Edition #1 of the newsletter: Do you really need to live abroad to learn Spanish?
Most people think they need to live abroad to get good at Spanish.
This comes from two places, as I see it:
- People who speak fluently tend to have lived in a country where it’s spoken
- Most people’s learning experience is limited to outdated, grammar-heavy approaches that don’t help you speak
Here’s the problem with the idea that you need to be abroad to learn: it leads people to put off their goal of learning.
You might have thought to yourself…
- “I’ll just learn when I get there.”
- “I’m not moving abroad, so I’ll never speak well — it’s not worth it.”
- “I’ll need to master X or Y grammar rule so I can speak correctly when I get there.”
Focused, consistent practice > location
Being in a Spanish-speaking country helps, but it’s not a learning strategy by itself.
You might know people who’ve lived abroad for years but don’t speak the local language at all.
That’s because there’s no magical process of Spanish osmosis, and you don’t just “pick it up” unless you’re surrounded by it 24-7 and need it to communicate.
After all, we can usually get by with English. So location alone isn’t enough.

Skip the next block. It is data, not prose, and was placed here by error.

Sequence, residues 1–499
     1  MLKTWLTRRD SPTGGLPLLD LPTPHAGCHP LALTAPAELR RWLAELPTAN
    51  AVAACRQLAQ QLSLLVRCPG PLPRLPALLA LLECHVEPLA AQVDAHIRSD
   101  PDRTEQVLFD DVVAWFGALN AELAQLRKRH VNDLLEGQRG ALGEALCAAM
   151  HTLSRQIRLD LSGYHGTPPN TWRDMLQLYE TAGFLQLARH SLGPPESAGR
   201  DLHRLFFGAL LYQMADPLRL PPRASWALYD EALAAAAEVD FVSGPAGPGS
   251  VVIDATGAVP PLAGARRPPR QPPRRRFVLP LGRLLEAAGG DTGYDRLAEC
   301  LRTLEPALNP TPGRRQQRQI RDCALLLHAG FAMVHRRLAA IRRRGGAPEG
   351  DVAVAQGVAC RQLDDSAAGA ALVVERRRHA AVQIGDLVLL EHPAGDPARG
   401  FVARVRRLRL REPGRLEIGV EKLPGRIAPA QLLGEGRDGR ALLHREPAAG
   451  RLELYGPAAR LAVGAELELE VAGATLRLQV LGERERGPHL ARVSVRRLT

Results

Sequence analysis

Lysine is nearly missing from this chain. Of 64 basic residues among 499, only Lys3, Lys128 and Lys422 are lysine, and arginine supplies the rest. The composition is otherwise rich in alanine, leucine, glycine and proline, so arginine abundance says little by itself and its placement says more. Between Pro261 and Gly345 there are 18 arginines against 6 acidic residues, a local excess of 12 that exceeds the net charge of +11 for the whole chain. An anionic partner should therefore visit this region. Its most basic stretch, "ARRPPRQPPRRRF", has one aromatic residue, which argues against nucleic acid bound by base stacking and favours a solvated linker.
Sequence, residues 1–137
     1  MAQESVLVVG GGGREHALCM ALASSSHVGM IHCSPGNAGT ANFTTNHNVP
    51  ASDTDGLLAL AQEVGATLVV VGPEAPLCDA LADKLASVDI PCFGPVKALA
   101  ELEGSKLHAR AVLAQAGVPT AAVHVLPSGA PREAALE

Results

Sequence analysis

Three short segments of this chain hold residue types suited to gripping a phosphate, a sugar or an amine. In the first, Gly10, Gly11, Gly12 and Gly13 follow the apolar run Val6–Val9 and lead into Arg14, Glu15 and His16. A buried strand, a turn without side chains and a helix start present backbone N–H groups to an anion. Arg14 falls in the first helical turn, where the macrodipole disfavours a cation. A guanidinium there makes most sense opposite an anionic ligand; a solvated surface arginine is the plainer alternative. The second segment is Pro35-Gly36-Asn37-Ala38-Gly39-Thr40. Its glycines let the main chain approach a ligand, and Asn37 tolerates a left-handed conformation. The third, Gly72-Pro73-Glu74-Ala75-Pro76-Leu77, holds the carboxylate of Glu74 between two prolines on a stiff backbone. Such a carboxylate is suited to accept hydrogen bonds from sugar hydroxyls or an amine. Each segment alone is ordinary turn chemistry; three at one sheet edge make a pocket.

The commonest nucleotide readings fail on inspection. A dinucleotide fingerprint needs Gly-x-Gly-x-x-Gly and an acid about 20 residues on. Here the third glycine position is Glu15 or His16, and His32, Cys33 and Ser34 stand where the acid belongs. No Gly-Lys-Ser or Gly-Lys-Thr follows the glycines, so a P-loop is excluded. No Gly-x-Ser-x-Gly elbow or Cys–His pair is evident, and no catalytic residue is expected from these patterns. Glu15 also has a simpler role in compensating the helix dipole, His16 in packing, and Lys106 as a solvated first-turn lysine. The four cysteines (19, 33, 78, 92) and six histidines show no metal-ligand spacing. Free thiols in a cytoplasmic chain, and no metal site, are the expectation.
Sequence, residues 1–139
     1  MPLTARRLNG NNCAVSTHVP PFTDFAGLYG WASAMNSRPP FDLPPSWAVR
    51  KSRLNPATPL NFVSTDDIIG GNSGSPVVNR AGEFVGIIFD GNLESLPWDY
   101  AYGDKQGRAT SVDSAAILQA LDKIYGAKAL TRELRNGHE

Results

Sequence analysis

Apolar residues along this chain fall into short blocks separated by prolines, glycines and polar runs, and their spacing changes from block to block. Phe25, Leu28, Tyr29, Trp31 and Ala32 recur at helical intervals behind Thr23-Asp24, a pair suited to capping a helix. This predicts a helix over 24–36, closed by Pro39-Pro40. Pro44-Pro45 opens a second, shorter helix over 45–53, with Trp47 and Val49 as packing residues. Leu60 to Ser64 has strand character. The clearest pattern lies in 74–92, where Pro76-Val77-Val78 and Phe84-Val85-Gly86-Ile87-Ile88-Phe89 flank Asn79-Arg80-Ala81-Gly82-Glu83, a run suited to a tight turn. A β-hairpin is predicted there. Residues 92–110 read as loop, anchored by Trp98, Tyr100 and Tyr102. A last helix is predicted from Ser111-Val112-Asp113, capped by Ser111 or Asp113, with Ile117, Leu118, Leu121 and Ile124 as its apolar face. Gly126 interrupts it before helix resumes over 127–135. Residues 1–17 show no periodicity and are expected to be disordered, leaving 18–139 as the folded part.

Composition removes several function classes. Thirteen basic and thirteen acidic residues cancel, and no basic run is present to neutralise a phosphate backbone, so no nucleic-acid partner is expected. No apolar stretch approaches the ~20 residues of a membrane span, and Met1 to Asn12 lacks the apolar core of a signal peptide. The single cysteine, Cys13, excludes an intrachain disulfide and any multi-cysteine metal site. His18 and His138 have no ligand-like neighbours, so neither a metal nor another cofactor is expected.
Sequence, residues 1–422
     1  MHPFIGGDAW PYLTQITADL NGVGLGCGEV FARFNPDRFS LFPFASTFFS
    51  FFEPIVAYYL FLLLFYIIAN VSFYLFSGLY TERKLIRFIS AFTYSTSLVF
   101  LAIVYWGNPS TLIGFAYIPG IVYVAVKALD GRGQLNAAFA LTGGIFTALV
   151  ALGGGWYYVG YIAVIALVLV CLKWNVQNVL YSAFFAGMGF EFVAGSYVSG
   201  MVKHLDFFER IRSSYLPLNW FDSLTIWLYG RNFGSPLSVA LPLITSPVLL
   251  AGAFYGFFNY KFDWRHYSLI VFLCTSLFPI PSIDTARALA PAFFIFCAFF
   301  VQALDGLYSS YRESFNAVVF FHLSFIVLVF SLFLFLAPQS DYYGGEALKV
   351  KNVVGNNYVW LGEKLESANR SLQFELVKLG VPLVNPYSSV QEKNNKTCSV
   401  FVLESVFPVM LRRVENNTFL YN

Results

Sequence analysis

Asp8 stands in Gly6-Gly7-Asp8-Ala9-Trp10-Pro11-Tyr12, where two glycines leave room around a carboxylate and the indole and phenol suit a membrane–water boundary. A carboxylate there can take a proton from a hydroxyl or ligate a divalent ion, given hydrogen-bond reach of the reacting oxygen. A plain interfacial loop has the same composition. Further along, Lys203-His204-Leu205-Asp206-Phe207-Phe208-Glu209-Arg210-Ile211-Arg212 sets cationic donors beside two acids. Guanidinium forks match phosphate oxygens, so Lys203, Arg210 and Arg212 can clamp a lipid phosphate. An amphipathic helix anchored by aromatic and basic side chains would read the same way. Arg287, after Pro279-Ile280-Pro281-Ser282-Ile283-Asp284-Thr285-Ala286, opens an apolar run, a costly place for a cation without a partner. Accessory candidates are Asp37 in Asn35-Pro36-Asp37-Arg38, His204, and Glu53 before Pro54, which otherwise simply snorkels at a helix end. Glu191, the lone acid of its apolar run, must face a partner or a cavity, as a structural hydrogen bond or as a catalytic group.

If you do have a consistent learning strategy, you can develop strong speaking skills before you ever arrive abroad.
And if you’re already abroad, an effective routine will help you make the most of being surrounded by Spanish.
In both cases, you’ll get better, faster.
Building a doable habit
A common concern is, “How will I practice speaking?”.
The first thing to do is build a small, “so-easy-I-can’t-not-do-it” learning habit:
- Each morning, set a timer for 2 minutes and answer one question in Spanish.
- Start simple: What’s for breakfast? Where are you from?
- Then graduate to bigger topics: Why are you learning Spanish? Where do you want to travel next? What’s your favorite hobby?
- More ideas here
Once you make this shift, you can start building the skills you need to form your own sentences more fluently, little by little.
In a few months, you’ll look back and be seriously impressed with the progress you’ve made.
Living abroad helps, but it’s not the golden ticket.
You can be in Mexico or Uruguay and never get beyond the basics of Spanish.
You can also be in Milwaukee or London and build strong Spanish skills.
Start by interviewing yourself with simple questions like the above.
Then, incorporate speaking practice with conversation partners online.
Once you realize how good you can get from the comfort of home, you’ll get addicted to the process and the progress, and your next trip or big move will be backed by a new set of Spanish skills.
P.S. I’m making a list of things to cover in future editions of this newsletter. If you have suggestions, just click reply and let me know.
P.P.S. I started an Instagram page to share shorter tips — like my YouTube channel, but more bite-size. Check it out here.